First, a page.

These plants and animals constitute an extraordinary diversity, writes science journalist Peter Tyson in this engaging book, and the island's richness of life has long intrigued scientists, who have proposed several theories to explain it. Those scientists, some of whom Tyson profiles at work in the field, are racing against time to catalogue island life before it disappears, for Madagascar's human population is rapidly growing, and with it the island's forests and other habitats are falling. The urgency may abate, Tyson writes with guarded optimism, now that the island's current president has proposed that all of Madagascar be considered as a United Nations World Heritage Site, which would help provide funds to prevent further loss of habitat and diversity. Though this proposal is not without its controversial aspect, Tyson makes a good case for why it should be taken up--and he shows just how high the stakes are.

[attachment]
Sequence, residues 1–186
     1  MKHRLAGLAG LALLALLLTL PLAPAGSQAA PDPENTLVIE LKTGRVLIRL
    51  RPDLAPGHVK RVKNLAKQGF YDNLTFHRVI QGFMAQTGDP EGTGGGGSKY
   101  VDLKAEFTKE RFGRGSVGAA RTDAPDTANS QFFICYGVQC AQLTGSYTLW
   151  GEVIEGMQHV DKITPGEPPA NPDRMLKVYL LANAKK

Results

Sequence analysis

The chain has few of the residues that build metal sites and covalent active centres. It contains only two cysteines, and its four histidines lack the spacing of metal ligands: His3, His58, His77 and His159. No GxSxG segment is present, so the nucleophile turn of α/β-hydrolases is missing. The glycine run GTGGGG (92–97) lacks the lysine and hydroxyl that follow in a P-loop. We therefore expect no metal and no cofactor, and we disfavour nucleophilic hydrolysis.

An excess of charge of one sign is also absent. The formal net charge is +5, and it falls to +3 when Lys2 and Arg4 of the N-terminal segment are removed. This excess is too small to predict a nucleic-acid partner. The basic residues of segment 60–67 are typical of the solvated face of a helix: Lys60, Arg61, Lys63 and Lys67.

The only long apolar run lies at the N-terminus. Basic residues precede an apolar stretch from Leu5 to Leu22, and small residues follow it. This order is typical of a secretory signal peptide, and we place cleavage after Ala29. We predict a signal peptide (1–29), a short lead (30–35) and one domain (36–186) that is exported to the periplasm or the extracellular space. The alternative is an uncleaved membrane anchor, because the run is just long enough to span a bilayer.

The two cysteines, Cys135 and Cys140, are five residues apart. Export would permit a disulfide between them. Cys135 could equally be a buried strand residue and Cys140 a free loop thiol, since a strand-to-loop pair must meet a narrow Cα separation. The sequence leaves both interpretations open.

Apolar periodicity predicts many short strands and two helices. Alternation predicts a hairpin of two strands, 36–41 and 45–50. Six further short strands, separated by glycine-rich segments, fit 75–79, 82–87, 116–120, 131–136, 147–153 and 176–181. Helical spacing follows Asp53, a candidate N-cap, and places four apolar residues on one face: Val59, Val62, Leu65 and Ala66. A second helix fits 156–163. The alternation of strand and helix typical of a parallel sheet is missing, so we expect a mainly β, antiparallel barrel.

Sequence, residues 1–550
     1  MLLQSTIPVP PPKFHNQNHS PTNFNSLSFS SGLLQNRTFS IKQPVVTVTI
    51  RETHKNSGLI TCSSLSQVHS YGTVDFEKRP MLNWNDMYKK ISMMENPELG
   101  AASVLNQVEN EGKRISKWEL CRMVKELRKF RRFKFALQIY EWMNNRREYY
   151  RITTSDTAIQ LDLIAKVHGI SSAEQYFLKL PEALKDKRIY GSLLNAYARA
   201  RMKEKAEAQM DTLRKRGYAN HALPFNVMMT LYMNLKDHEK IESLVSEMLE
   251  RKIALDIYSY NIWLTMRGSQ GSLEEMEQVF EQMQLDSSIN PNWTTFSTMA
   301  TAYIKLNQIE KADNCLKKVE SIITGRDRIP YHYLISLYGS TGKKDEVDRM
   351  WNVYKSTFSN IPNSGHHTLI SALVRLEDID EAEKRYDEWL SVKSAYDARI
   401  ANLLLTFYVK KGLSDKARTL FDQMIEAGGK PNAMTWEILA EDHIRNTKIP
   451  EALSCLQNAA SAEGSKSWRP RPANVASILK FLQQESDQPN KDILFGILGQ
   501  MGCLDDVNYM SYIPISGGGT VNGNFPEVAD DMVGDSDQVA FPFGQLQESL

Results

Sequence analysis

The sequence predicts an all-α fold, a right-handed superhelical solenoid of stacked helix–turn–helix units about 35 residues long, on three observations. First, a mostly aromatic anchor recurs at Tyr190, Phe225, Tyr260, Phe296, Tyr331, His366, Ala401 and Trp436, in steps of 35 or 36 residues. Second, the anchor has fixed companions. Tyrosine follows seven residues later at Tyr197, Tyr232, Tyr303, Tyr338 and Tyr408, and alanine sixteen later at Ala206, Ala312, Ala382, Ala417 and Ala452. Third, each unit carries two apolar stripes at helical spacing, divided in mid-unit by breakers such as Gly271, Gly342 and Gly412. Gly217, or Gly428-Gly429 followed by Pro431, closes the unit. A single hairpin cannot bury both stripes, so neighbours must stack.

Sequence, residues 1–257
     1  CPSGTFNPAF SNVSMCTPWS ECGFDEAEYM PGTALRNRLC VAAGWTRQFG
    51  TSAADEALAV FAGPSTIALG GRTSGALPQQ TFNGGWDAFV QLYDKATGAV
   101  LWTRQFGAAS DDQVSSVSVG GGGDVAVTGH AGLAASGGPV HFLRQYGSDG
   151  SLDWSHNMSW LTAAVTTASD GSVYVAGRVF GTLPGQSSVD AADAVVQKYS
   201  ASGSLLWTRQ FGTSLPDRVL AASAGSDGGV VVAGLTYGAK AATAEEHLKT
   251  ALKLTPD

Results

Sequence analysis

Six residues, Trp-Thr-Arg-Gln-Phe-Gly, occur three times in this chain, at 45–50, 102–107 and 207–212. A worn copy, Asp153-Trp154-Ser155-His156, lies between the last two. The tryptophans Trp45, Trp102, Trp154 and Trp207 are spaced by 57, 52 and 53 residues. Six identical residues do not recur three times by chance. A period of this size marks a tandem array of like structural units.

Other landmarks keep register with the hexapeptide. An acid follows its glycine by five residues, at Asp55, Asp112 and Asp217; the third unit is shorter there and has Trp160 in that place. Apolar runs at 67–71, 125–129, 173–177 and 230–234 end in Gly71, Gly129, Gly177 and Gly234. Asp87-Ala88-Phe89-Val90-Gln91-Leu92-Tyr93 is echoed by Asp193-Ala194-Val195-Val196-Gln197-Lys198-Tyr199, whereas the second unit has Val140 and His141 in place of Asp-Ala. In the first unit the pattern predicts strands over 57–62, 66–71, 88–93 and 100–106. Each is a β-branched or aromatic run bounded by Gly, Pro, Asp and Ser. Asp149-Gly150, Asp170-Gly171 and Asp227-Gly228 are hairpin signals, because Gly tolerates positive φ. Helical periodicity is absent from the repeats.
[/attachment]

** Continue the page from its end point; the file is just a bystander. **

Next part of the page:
Throughout his narrative, Tyson mixes scientific reportage with a nicely rendered travelogue that guides readers across the island while outlining key concepts of island biography and conservation biology. His book makes for a worthy companion to David Quammen's Song of the Dodo, and valuable reading for anyone concerned with the world environment. --Gregory McNamee
This book makes you feel like your on the trip through Madagascar with the author. Very detailed and explanatory.
Very fun to read!
I'm a huge Madagascar fan and finiding books on one of my favorite places is a rare treat for me - this book is no exception. Read morePublished on July 6 2001
This book does what only the best narrative non-fiction can do, it takes us to places where we'll never go and fascinates us with tales of subjects that we never knew we cared... Read morePublished on June 14 2000